Twitter: What improvements and where is the money?

April 29, 2008

With all of the buzz around Twitter lately (Michael Arrington feels like Twitter will soon go mainstream – whatever that is – shortly) the conversation will obviously turn to valuation.

Twitter is currently looking for funding (with 17 people I am not sure why they need that kind of funding) to improve operations and possibly make enhancements to the product.  This brings two thoughts to mind:

1.) What improvements really need to be made (or better still where is the technology going…)

2.) Where is the money

What Improvements
When you think about improvements at this level you must separate the technology that is Twitter and the applications that allow us to use it.  Twitter is nothing more than a set of web servers, a few databases and a set of API’s.  Older data lists that twitter.com is used to post up to 60% of the tweets.  So that leaves 40% of those tweets to applications and Instant Messaging – all of which are not controlled by Twitter themselves.  These applications use the Twitter API’s to handle the posts and responses.

So, when you think about what improvements you may think about improving the website but I know in my circle of users – twitter.com is used way less than 60%.  I use occasionally and that is only from my mobile phone.  Give me something like Digsby on a mobile phone and I am all over it.

Where is the Money?
So have you noticed?  Twitter is free.  Not only that – you are not subjected to silly AdWords from Google every time you make a post.  Um yeah … sit back and chew on that for a moment.  There are not that many truly free services (of the magnitude of Twitter – 1 million users) out there.

I know that when I sit down with a VC group about my “idea” or “proof of concept” and I am looking for funding – they want to see revenue potential.  How is Twitter going to pay back all of the money that they borrow?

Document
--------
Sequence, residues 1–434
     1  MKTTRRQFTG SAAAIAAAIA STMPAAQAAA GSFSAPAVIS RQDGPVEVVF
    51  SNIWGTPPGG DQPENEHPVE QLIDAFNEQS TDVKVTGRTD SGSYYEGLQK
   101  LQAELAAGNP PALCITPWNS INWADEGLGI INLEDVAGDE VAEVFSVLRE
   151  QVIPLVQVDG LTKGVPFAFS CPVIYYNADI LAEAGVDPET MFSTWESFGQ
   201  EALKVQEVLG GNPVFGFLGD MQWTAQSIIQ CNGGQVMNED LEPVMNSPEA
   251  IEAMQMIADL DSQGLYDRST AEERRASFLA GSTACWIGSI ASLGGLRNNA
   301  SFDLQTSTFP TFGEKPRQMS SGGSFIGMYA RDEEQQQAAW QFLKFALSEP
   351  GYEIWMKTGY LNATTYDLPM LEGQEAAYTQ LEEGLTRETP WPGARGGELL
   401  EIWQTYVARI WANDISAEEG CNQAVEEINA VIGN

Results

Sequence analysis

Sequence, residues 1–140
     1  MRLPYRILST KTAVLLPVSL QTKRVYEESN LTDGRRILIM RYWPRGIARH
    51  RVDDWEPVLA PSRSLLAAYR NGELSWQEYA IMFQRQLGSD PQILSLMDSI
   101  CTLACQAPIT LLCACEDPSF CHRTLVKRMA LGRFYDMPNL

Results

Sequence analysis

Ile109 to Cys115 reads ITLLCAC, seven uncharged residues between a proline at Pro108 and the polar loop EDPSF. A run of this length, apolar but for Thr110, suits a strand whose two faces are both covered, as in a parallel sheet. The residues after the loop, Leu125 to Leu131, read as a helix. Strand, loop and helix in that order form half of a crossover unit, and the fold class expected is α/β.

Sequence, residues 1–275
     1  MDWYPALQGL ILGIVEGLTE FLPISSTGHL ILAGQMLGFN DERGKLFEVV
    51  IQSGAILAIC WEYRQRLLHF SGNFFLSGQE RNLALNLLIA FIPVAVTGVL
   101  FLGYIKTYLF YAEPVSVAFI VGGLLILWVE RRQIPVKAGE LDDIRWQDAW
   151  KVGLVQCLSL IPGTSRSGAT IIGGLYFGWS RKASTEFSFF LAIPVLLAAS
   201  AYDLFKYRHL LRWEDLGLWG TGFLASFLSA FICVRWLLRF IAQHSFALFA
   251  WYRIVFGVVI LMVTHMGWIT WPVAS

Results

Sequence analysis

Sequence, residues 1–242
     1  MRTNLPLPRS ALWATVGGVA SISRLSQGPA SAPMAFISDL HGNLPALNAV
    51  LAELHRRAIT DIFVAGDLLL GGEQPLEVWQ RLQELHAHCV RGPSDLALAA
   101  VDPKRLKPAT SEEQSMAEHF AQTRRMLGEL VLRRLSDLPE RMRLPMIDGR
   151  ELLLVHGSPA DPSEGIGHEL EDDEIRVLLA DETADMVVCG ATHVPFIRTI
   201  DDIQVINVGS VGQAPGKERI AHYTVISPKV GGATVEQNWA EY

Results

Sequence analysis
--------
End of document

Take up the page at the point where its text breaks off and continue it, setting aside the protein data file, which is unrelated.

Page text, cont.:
One school of thought would be that the Web site could serve up ads like they have done in the launch of Twitter for Japan.  I don’t have numbers to back this up – but my gut feeling is that the use of Twitter through a web site will continue to diminish and so too would the revenue stream if they were basing that on Ads.  I have read a ton on the web about the degeneration of Ad based revenue and what it means for the Web2.0 style applications.

Another avenue for Twitter would be to turn there features into a pay for service style application:

  • Small usage account is free – 20 followers – 20 tweets a month
  • Medium usage account costs $19.95 a year – 20 to 100 followers with 100 tweets a month
  • High usage account costs $5.95 a month – unlimited followers and unlimited tweets

It would be difficult for me to justify my use of Twitter if I had to pay a monthly fee (not that I am a “High Usage” account).

So I again have to ask – what is this money really going to do and how is Twitter going to pay it back?

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